Harindranath Chattopadhyay (2 April 1898 – 23 June 1990) was an Indian English poet, dramatist, actor, and musician.
Harindranath Chattopadhyay was born on 2 April 1898, in Hyderabad, India. His father was the first principle of Hyderabad College, which later became Nizam’s College, and his mother was a poet and used to write poetry in Bengali.
He married Kamaladevi Chattopadhyaya, a social reformer and freedom fighter. She founded the All-India Women’s Conference, the Indian Cooperative Union, and the All-Indian Handicrafts Board, a body that revived many Indian handicrafts.
Before he moved to London, he had published poetry and written plays in India, and his sister friends helped him to settle in London. His first accommodation was in Gower Street, and he sent his poems to Cambridge to get into the school as a research scholar. He got into Fitzwilliam Hall and began his research on William Blake and the Sufis. The poems that he wrote while studying in Britain appeared in the Indian Magazine (Journal of the National Indian Association) and Britain and India (Journal of the theosophical Britain and India Association). He had a conversation with Laurence Binyon about publishing more poetry in London.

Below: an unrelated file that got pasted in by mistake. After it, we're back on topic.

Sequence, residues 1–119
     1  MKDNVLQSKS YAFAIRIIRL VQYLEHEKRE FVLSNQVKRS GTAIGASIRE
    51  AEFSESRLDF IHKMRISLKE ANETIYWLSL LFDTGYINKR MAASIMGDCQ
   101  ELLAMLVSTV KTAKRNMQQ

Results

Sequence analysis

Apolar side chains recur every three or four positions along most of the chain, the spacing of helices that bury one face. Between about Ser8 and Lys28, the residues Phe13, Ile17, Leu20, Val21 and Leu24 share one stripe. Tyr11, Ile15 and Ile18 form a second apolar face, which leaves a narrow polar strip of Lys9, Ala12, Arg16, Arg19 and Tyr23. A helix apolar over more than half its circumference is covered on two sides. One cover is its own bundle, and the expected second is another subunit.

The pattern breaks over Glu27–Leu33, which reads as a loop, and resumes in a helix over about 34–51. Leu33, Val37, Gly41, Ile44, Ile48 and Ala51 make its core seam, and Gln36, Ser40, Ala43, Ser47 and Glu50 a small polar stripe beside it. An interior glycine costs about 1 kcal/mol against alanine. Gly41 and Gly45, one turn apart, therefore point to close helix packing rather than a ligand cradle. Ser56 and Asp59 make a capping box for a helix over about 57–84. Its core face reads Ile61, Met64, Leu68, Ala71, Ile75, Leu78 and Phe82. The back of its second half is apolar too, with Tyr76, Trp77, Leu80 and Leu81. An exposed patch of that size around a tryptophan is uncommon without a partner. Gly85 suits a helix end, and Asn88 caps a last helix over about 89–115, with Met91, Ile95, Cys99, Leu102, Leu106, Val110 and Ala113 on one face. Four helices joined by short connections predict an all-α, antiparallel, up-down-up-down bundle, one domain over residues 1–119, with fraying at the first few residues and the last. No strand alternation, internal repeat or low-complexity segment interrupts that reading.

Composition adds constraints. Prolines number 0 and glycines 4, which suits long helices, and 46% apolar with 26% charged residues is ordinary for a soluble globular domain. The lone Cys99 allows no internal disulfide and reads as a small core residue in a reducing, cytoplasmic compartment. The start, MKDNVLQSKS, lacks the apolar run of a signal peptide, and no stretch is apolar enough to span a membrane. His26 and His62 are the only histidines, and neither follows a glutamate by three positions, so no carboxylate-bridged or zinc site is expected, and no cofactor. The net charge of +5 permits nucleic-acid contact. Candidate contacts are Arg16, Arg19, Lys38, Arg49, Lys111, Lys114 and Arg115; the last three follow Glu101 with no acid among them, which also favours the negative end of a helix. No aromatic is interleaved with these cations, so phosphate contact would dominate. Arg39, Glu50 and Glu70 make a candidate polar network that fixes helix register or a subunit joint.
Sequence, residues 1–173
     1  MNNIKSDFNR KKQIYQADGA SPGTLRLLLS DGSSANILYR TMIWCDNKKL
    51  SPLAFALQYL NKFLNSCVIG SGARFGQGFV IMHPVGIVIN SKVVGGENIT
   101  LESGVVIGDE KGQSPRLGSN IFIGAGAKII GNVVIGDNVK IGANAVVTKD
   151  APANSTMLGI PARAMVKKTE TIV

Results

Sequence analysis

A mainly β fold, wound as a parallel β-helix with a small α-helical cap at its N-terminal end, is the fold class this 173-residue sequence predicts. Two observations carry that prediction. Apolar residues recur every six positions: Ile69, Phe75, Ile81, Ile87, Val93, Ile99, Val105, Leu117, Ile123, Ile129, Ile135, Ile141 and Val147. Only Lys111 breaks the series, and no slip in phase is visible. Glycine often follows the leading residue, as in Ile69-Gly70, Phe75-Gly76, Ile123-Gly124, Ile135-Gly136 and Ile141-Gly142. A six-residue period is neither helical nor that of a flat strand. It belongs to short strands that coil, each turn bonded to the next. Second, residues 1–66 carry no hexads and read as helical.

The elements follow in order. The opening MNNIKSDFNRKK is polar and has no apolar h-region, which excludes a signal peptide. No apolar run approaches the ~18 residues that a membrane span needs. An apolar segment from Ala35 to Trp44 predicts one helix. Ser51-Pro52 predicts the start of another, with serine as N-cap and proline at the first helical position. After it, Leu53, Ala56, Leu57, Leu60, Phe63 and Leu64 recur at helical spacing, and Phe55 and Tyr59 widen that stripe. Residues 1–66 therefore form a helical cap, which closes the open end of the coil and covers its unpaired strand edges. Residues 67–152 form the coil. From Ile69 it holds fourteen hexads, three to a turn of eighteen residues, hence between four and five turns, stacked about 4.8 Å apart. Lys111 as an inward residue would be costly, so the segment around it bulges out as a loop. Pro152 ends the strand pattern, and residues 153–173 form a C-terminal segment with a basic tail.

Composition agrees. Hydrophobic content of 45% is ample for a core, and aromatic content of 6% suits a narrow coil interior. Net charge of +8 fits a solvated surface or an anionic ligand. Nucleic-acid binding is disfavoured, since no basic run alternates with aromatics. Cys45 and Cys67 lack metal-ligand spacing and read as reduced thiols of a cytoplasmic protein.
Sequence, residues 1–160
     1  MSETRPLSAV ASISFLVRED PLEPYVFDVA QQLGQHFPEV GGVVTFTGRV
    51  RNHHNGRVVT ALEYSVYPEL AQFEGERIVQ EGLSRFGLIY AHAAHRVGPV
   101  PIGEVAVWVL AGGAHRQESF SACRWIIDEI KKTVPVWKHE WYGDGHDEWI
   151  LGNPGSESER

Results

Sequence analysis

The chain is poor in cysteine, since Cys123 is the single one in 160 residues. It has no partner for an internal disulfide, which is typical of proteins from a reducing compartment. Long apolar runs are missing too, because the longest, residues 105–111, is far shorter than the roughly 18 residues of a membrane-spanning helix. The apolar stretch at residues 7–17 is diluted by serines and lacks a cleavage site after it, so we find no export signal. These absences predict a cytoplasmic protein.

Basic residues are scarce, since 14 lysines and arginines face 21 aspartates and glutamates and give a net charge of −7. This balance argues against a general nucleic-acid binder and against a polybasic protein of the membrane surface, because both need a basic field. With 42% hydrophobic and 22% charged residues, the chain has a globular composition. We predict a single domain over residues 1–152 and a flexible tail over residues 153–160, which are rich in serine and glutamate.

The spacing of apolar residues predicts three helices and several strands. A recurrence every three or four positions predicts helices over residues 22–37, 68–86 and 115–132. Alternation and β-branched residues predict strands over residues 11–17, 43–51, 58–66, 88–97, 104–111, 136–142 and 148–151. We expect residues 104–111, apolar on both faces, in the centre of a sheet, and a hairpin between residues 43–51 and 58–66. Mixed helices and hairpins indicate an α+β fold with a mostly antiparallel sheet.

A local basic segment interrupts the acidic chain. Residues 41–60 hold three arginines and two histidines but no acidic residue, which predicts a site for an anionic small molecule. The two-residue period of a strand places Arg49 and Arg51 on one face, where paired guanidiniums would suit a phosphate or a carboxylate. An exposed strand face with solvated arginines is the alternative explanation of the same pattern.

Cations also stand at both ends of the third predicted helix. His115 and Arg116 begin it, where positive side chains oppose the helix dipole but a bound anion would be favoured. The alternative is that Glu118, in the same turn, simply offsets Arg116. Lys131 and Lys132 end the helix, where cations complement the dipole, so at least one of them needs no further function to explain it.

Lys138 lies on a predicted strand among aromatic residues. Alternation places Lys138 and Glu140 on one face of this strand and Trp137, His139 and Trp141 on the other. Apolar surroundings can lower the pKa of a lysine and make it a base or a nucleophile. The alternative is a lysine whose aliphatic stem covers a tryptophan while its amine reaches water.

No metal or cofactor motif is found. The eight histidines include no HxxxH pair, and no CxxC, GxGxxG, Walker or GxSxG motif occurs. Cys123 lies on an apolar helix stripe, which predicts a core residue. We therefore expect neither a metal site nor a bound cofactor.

He often voiced his poem Rail Gaadi on All India Radio (Akashavani). In the film Aashirwad, Ashok Kumar sang this song. A few of his songs included Surya Ast Ho Gaya and Tarun Arun Se Ranjit Dharani, which he wrote, composed, and sang. Also, he wrote a bunch of Hindi poems for kids. Rabindranath Tagore admired his poetry.
In 1972, he got his biggest break in the Hindi film Bawarchi, which was adapted from the Bengali movie Galpo Holeo Satti, directed by Tapan Sinha. He appeared in three Satyajit Ray movies inculding, Goopi Gyne Bagha Byne, Sonar Kella, and Seemabaddha.
Poems written by him, including The Feast of Youth (1918), The Magic Tree (1922), Ancient Wings (1923), Blood of Stones (1944), Spring in Winter (1955), Virgin and Vineyards (1967), The Lady’s giant hat, Salute to R-day, Tati Tati Tota (in Hindi), Voyage, Things I Love (in English), and “Curious Town “(In English).
Some of his plays are, Abu Hassan (1918), Five Plays (1937), Siddhartha, Man of Peace (1956).
He won the 1951 Lok Sabha elections as an independent candidate from Vijayawada Lok Sabha constituency in Madras, assisted by the Communist Party of India. Between 14 April 1952 and 4 April 1957, he was a member of the 1st Lok Sabha.
In 1973, he was awarded the Padma Bhushan, India’s third highest civilian award.
He died on 23 June 1990, in Maharashtra, India.
Read More; 2 April in Indian and World HistoryTags: 2 April 1898, 23 June 1990, Harindranath Chattopadhyay, Kamaladevi Chattopadhyaya, Laurence Binyon, Satyajit Ray, the Padma Bhushan, the Sufis, William Blake